For network access and policy management capabilities, Microsoft’s RADIUS server and proxy tool is the Network Policy Server (NPS). NPS offers authentication, authorization, and accounting (AAA), enables the use of heterogeneous network equipment and ensures the health of network devices.
The RADIUS protocol provides the configuration and management of authentication for network clients central to NPS functionality. Current editions of NPS are installable via the Network Policy and Access Services (NPAS) feature in Windows Server 2016 and Server 2019.
What Is the Purpose of NPS?
Network Policy Server is the solution for Windows network administrators using RADIUS capabilities. Not only does NPS offer configurable policies for network access, but it also ensures non-Microsoft devices can connect once authenticated.
By placing users and client devices in groups or automating classification, administrators can control the types of clients and permissions available to network users. This control allows for continued management of access policies and also enables event logging for accounting purposes. NPS also scans requests to ensure client health and maintain network integrity.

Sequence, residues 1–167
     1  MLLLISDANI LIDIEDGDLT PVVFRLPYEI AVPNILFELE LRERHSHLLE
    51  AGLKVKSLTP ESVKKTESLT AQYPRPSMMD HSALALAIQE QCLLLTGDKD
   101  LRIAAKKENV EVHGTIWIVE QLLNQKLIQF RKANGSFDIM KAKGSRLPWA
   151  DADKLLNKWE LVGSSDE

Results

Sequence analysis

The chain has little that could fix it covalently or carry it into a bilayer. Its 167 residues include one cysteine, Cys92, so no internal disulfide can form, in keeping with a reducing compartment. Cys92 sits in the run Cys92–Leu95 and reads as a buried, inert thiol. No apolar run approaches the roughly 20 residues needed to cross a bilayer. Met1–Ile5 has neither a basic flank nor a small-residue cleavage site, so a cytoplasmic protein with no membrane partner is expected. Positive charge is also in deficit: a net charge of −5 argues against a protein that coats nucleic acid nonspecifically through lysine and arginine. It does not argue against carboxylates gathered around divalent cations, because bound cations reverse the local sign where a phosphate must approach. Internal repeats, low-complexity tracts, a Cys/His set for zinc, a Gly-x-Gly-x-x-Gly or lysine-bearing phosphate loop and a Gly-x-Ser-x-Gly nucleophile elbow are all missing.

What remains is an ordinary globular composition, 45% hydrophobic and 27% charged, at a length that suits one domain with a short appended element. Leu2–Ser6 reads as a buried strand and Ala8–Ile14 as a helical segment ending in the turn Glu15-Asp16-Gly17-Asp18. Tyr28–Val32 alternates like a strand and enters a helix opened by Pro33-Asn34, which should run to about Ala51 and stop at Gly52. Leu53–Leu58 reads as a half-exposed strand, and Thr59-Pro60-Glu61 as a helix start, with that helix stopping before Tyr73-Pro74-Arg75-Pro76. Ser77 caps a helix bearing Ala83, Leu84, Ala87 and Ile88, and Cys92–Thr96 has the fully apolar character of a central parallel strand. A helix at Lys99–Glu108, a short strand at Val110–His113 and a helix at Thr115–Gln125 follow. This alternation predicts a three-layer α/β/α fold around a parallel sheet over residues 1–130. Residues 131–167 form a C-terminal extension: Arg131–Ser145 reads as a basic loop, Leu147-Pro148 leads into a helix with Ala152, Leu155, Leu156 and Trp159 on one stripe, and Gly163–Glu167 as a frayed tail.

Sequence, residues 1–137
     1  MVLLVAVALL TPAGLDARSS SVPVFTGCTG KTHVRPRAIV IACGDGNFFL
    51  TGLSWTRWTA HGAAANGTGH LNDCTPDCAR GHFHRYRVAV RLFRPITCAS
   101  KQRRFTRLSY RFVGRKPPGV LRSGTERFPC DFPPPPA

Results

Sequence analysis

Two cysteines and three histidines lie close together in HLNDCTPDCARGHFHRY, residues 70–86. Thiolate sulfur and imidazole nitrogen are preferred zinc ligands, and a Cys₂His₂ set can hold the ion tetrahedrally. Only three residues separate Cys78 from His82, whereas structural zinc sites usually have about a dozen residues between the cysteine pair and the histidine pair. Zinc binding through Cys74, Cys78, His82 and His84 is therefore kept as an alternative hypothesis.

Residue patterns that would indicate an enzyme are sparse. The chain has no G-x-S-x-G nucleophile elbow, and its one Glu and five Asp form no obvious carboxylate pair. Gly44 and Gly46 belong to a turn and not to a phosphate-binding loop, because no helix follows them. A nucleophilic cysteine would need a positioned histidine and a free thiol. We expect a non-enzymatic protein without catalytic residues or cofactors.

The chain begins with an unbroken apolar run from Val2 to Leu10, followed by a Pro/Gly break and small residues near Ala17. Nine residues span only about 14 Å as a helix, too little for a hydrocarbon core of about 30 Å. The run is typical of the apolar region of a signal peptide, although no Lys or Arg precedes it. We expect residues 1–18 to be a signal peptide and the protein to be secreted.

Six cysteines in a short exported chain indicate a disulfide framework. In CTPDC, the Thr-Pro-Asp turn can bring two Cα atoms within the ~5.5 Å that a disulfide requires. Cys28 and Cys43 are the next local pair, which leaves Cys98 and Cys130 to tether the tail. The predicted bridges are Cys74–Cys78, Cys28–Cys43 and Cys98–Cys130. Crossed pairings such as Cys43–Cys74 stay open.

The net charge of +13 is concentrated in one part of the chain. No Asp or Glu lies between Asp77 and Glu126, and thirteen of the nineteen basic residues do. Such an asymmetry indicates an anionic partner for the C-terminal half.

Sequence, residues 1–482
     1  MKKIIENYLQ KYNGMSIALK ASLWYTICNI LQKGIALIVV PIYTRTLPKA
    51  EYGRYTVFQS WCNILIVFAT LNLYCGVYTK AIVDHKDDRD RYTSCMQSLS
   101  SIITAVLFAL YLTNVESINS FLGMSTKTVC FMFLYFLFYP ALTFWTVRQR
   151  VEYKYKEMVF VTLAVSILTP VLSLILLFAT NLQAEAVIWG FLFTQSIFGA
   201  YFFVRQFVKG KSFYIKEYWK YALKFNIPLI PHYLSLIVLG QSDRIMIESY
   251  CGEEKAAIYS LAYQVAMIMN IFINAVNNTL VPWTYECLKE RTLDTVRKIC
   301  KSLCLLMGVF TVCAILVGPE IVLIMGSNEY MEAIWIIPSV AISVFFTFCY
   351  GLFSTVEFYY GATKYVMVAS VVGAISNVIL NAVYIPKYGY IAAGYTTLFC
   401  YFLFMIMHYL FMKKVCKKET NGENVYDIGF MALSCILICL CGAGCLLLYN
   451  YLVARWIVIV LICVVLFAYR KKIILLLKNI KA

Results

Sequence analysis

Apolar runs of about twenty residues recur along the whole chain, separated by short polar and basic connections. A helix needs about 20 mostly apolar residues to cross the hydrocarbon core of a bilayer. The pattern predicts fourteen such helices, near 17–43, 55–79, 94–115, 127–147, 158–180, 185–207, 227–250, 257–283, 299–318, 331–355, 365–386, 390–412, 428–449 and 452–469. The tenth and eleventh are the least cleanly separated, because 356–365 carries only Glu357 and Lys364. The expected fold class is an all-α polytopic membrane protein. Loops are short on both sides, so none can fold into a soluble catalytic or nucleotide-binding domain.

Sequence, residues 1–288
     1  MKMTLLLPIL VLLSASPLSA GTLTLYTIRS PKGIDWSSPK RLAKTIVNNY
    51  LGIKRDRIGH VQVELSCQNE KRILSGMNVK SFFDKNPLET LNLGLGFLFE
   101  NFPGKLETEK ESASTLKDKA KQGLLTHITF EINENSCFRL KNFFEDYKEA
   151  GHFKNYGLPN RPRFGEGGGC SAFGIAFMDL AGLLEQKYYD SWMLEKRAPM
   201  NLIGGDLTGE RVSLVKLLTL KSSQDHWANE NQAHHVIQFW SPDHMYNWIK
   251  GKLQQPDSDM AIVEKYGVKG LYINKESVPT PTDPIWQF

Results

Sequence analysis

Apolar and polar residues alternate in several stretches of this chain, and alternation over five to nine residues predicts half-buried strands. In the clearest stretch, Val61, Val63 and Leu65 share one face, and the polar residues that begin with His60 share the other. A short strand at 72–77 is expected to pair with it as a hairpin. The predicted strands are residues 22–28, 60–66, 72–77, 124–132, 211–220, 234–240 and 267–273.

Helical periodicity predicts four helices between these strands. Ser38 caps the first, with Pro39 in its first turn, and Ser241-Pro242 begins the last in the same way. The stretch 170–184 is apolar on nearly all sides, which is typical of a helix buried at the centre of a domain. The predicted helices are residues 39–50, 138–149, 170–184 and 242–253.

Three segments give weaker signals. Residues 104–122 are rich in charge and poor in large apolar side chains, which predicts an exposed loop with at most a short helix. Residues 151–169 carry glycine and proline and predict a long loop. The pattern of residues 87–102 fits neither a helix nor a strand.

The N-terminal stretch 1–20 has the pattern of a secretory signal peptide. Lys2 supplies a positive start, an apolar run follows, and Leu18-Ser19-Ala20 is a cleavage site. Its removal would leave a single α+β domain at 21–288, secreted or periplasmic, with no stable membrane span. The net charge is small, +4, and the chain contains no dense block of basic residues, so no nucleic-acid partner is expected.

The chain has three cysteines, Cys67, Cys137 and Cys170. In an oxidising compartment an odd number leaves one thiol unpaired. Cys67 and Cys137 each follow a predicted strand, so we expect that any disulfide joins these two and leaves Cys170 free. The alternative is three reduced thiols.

The 3 Roles of NPS
NPS performs AAA for wireless, switch, remote access dial-up, and VPN connections as a RADIUS server. Administrators configure network access servers — e.g., WAP and VPN servers — as RADIUS clients, and log event data on the local hard disk or a SQL Server database.
NPS can configure access policies and manage which RADIUS server a connection request delivers as a RADIUS proxy. This includes the ability to forward accounting data for replicating logs on multiple remote RADIUS servers for load balancing.
As remote work and BYOD policies present various devices to networks, administrators need to know which endpoints are trustworthy. The NPS can act as a health validator for client devices through indicators like patched software, firewalls, and malware definitions.